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I'm trying to work with SSL manually without using libs as OpenSSL etc... And I have fault on 1st step with Hello message from client.

From technet:

It must consist of:
ClientVersion 3,1
SessionID: None (new session)
Suggested Cipher Suites:
Suggested Compression Algorithm: NONE

In my code ( C/C++ ), I have created message on this way:

char *request = "ClientVersion 3,1\r\nClientRandom[32]\r\n
SessionID: None (new session)\r\n
Suggested Cipher Suites:\r\n
Suggested Compression Algorithm: NONE\r\n";

But after recv() functions, I've got 0 in result, so what's wrong in my message structure?

PS In HTTP-proto there is a place, when must be double \r\n ( which splits the headers and the body message ), may be, there must be something like this or not?

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1 Answer 1

You need to take a good look at RFC 2246, rather than just making things up. For example the newlines between the elements of the message are a figment of your imagination.

But why you think you can work with SSL 'manually' is a mystery. You can't, and you don't need to. Reimplementing SSL is a major task and you don't have the resources to do it. Use your library: OpenSSL, JSSE, etc.

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it's not a mystery, it's normal. I think I could work, cause: somebobdy can do it ( why not me? ), it's not 3-rd party libs which free you from minding process, you shall know how does SSL work correctly, I have worked with HTTP, FTP, POP3, IMAP on TCP with C/C++ and don't use ready stuff, also were implemeting substring search classics algorithms for this work. Such work has much more goals for knowladge. –  Oleg Orlov Jun 6 '12 at 3:53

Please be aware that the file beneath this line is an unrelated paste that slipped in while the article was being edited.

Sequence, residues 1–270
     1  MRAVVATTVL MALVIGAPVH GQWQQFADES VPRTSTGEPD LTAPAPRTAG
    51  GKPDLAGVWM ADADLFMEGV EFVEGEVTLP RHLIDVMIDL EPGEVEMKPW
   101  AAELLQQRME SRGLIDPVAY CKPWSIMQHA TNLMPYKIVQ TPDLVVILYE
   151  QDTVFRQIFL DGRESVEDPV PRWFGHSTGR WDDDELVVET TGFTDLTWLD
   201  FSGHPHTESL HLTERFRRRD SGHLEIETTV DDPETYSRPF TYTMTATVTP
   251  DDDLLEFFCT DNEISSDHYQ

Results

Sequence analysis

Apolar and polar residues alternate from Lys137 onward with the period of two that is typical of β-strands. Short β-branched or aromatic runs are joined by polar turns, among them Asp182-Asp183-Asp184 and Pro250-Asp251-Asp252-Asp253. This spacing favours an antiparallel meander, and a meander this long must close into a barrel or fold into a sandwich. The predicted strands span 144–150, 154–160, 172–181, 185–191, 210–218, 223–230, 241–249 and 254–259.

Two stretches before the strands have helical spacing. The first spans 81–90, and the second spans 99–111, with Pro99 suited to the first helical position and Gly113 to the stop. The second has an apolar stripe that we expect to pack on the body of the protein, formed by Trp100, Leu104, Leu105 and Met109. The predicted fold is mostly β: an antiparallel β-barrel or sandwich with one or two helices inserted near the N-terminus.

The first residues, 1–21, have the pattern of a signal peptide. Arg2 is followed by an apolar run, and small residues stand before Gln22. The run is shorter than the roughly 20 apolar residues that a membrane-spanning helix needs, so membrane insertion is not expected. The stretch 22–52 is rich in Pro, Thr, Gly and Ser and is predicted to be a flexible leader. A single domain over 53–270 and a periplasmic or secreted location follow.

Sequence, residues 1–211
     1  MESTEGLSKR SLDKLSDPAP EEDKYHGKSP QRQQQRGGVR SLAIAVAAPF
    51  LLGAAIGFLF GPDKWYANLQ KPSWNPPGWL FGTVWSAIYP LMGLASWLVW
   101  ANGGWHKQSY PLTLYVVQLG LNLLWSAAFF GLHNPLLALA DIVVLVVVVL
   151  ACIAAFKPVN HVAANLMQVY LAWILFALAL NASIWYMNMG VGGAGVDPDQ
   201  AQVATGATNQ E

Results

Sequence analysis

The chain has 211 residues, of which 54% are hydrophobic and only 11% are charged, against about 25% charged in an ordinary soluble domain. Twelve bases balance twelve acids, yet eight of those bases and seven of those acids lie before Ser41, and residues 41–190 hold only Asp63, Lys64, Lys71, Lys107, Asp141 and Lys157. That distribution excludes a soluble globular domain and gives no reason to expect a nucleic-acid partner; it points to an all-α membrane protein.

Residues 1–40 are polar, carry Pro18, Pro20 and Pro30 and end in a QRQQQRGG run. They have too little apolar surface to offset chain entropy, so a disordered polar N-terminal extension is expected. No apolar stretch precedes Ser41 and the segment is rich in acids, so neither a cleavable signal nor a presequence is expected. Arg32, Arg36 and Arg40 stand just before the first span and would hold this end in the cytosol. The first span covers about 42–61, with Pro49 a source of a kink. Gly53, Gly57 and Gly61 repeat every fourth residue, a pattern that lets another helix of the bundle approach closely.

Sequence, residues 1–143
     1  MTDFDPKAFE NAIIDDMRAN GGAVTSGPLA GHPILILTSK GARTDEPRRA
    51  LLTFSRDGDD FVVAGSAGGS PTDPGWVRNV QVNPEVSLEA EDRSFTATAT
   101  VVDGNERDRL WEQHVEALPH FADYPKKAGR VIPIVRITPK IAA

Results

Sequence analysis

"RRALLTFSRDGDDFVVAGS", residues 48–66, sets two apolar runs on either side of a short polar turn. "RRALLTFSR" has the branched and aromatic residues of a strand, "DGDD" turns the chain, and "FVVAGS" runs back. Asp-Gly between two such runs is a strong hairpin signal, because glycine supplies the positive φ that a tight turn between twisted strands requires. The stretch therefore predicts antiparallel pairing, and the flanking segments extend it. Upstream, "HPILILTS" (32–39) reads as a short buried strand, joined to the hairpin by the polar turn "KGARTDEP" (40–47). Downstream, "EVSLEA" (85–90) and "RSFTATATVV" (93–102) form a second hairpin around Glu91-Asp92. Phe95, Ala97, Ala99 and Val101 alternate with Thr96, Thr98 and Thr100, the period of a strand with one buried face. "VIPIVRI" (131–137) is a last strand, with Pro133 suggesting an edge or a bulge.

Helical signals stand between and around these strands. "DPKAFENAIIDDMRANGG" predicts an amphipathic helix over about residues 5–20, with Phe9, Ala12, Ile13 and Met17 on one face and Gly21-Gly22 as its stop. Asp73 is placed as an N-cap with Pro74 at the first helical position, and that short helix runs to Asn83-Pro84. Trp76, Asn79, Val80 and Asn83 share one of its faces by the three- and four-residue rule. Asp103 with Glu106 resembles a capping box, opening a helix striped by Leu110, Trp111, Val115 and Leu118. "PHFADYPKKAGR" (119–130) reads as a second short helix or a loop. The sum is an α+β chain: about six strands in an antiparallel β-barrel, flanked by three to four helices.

@user167908, SSL/TLS is somewhat more difficult than HTTP, FTP, POP3 and IMAP. It's not a simple text-based request/response models like those protocols. Take a good look at the RFC (and where it talks about XDR at least). It usually takes a while to understand it. It's easy to get things wrong and obtain an insecure implementation. Look at packets with something like Wireshark to get an idea of what's going on. The pseudo-commands you've tried to send are merely textual representations of the messages: useful, but largely simplified. –  Bruno Jun 6 '12 at 8:46
@user167908 It's not normal, it's a mystery. You can do it yourself if you can implement or interface to several dozen cipher suites and if you know how to read an RFC. The evidence here says that you don't qualify, sorry. There are several high-quality implementations already available. Why you think you want another remains a mystery. –  EJP Jun 6 '12 at 9:58
@ejp you don't understand at all, you can only qualify if you kave knowladge, but if you refuse to get knowladge and only use 3-rd party libs you will be out from this qualify. If you wannt to eualify you must implement it by yourself, there is not another way. Only you do it or not - the only mark of quilify. Some you must do it munallly without opensll etc if you want get level, I have choosed this way. I know, that I know less, but I can gross and I'll do it. –  Oleg Orlov Jun 6 '12 at 13:05
@user167908, I think what EJP is trying to say here is that it's clear from your example (e.g. "ClientVersion 3,1\r\nClientRandom[32]\r\n") that you haven't gone anyway near the RFC. You should at least try to understand what existing implementations do before starting to write your own. Even for someone who already knows what the message structures should look like, it's a massive project. Of course, being a security protocol, it's better if someone else reviews the code too. Note that you're likely to have to implement RFC 5280 and RFC 6125 once you're done with RFC 2246. –  Bruno Jun 6 '12 at 14:30

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